August 17, 2007

Nobody Needs Me: a Follow-up and a Photo

Here I am before School started, enjoying the scenery of beautiful Bad Neuenahr, in the north of Germany. BN is an old spa town; I look forward to visiting it again someday when I have time to hang out in the adorable little town, get massages, and eat ice cream (theirs is the best I've ever had).

Today I was privileged to be facilitated by one of my mentees in the BKI Certification program. (It feels funny to call myself a mentor; mostly I feel like a student in these relationships. It never ceases to amaze me how much there is to learn, and how great are my teachers.) I worked on—you guessed it—"I'm not needed." It has been so "up" for me that I dreamt about it last night. For the first time, I saw the arrogance in this statement; how much I am in others' business, and God's business, when I believe I am not needed. I always thought it was the opposite; to believe one is needed and necessary is the opinion of one with a rather overinflated ego, I reckoned. Interesting to see how the opposite stance is equally self-important, imbued with the idea that my "doership" makes the world go 'round, and if I'm not in perpetual motion, I may as well absent myself from the earth.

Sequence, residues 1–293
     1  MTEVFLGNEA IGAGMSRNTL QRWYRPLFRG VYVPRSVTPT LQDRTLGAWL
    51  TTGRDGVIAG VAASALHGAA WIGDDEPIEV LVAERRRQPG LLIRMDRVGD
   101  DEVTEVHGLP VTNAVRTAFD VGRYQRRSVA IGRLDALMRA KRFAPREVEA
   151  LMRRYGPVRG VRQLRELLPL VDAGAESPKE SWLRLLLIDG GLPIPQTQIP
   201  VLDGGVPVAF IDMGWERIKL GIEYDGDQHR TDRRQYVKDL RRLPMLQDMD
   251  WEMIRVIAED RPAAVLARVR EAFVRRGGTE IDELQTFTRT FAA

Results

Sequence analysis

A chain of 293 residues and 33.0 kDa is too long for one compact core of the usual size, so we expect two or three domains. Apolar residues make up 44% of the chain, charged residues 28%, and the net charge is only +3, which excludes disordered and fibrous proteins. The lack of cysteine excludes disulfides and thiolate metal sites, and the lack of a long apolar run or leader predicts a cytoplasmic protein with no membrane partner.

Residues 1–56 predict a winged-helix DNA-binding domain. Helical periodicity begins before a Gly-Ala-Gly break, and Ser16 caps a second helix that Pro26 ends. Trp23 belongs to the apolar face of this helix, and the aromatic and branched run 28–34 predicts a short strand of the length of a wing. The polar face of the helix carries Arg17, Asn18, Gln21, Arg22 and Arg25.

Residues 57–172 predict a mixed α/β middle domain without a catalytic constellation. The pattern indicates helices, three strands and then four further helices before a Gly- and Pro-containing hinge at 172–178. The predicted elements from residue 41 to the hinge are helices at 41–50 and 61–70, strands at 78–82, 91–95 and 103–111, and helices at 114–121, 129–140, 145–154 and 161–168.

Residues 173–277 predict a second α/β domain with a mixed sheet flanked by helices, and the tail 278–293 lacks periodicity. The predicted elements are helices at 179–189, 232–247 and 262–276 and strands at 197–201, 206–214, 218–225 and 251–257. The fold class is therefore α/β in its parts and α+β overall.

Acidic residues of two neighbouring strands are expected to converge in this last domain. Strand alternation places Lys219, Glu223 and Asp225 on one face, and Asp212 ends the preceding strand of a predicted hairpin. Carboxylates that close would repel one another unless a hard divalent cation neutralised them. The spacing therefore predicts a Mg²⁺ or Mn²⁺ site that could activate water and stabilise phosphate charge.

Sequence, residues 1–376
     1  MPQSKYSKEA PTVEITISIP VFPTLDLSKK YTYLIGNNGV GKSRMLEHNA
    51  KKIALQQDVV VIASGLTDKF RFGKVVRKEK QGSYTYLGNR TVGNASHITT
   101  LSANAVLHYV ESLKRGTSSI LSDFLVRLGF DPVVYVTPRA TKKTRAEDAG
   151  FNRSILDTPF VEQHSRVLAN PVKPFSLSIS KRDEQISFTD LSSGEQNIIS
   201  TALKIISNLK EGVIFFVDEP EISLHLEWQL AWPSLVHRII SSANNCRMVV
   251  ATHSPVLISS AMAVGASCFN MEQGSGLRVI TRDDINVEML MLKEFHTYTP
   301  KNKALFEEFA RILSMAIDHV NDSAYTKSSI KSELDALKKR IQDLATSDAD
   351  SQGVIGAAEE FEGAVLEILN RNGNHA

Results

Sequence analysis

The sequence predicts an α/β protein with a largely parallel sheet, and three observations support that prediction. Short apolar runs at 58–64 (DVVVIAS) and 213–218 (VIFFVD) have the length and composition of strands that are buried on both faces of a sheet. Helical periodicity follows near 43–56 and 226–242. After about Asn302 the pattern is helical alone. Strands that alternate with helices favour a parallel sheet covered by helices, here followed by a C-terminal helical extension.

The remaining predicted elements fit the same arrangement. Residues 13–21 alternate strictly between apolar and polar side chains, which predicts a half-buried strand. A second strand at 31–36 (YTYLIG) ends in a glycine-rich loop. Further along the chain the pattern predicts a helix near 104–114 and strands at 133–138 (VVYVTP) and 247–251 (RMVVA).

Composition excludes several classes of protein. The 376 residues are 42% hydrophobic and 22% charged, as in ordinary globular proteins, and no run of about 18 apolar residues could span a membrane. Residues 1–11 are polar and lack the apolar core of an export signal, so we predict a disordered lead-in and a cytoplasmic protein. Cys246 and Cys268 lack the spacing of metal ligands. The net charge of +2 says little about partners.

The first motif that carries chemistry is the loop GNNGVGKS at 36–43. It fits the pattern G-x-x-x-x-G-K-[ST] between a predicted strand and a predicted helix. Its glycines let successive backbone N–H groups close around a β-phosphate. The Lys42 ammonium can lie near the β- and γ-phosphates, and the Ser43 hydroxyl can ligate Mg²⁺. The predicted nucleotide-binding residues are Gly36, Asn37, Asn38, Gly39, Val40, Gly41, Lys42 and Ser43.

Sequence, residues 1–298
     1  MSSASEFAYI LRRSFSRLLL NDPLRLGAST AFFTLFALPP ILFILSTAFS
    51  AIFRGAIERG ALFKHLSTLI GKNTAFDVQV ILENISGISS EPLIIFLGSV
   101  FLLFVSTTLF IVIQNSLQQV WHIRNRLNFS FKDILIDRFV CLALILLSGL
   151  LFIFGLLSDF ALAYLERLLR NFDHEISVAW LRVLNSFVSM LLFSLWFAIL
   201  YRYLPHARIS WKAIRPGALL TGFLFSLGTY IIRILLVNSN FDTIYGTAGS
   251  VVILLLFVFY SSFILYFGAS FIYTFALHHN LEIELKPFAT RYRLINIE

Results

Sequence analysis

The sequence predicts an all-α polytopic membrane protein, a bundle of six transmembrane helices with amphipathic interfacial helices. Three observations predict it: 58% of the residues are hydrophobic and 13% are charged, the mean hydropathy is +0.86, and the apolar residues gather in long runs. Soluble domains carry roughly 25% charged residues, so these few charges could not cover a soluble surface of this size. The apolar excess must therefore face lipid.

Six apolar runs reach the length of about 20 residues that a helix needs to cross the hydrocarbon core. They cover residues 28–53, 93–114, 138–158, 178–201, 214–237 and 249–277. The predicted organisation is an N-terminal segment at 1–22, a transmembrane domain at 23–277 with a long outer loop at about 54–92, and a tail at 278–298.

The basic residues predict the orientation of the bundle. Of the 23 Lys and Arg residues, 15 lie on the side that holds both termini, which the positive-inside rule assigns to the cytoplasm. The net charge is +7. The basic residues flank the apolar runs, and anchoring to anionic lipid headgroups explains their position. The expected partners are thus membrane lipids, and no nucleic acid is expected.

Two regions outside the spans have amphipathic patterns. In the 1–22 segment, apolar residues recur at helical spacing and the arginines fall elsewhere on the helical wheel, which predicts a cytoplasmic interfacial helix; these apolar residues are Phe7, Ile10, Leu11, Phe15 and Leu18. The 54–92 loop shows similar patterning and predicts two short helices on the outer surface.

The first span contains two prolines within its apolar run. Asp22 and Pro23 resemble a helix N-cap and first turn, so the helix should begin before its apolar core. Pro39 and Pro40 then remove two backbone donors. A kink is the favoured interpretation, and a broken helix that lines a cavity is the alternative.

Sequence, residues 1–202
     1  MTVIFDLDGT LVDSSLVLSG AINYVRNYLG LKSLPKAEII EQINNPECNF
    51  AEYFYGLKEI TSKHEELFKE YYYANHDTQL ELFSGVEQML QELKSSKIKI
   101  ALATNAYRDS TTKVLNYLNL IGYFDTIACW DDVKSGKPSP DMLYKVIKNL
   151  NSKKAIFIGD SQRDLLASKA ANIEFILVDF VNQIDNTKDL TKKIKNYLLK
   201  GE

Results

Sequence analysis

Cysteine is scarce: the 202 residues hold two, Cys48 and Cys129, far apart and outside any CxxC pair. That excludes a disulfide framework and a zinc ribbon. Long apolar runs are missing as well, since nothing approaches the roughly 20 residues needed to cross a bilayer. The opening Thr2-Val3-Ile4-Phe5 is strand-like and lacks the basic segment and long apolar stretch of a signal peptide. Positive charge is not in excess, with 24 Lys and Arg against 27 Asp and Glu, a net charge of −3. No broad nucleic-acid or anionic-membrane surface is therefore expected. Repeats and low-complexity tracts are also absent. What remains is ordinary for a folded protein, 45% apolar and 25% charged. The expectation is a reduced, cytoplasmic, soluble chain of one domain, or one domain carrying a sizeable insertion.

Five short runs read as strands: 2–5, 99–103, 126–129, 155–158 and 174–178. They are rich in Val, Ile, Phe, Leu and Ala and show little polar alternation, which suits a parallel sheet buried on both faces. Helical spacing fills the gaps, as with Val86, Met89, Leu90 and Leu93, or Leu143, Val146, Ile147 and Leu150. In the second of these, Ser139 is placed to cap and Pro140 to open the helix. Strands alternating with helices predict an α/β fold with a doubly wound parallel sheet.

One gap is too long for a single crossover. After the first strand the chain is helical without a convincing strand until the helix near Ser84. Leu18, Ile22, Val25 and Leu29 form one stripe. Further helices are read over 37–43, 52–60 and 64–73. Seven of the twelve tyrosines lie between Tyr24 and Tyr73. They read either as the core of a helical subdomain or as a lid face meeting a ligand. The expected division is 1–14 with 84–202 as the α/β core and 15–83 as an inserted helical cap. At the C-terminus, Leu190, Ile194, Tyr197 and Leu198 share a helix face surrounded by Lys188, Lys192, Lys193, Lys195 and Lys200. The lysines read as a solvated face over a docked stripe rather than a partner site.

So here I am, and who am I to say that what I am doing or not doing should be different, or doesn't serve just as it is...that I am wasting my time and yours, that I am getting it wrong?

Where is my proof that I'm not needed? I don't have any. I can't know that things would run more smoothly if I were not there, if for no other reason than to provide contrast.

And so it is. Needed and not. Both true and untrue. Equally important in the grand scheme of things, it appears.

©2007 by Carol L. Skolnick; all rights reserved.

2 comments:

Marianne said...

How great to see this photo! You are beautiful!!!!

And I love what you wrote....brilliant.

I've had people close to me say that they need me....and I didn't want them to be "needy" and I would get all huffy, defensive and judge them for being needy.

Now I see how open, vulnerable and loving they are to say that to me.

Thanks for sharing your work, Carol.

-Jeane Michelle Culp said...

Hi Carol! Your post reminded me of the classic Holiday movie “It's a Wonderful Life”. Perhaps the old saying is true, something like “it is not for us to question, rather merely do”; for certainly it is in doing that we learn and in learning we have in fact received the answer to many questions.